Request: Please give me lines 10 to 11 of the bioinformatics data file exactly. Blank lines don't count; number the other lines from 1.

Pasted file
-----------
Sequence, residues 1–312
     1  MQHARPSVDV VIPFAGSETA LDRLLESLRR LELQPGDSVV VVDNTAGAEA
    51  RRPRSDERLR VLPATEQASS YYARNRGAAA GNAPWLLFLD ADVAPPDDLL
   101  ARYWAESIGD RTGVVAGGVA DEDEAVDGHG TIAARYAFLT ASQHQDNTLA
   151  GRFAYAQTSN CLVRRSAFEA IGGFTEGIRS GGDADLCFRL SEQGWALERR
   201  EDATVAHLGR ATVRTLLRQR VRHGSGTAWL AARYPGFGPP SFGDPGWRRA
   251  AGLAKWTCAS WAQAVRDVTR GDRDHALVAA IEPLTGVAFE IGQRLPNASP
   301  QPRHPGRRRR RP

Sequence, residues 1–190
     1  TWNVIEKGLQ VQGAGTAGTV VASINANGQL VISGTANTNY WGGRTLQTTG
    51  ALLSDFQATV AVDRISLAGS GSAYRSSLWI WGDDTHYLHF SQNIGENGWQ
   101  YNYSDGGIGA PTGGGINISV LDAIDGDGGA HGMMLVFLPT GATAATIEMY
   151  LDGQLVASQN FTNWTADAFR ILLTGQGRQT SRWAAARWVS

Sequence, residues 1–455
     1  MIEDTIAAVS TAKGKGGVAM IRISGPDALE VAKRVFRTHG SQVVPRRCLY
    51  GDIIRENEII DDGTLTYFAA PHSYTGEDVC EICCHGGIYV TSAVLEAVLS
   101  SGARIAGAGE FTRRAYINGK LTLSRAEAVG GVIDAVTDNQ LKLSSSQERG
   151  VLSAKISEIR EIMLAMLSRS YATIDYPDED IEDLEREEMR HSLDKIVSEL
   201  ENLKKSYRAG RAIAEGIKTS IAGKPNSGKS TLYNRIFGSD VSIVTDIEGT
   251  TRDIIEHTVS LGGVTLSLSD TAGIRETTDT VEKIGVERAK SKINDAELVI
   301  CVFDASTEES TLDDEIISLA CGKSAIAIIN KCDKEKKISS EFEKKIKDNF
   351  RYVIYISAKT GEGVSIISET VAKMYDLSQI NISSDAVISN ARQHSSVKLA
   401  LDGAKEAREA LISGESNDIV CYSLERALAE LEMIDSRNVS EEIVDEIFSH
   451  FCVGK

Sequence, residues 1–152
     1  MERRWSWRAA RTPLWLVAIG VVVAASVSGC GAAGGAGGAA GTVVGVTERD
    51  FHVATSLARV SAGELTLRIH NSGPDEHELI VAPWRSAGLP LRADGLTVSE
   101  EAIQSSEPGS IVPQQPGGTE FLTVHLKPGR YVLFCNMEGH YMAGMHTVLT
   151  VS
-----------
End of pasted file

     1  TWNVIEKGLQ VQGAGTAGTV VASINANGQL VISGTANTNY WGGRTLQTTG
    51  ALLSDFQATV AVDRISLAGS GSAYRSSLWI WGDDTHYLHF SQNIGENGWQ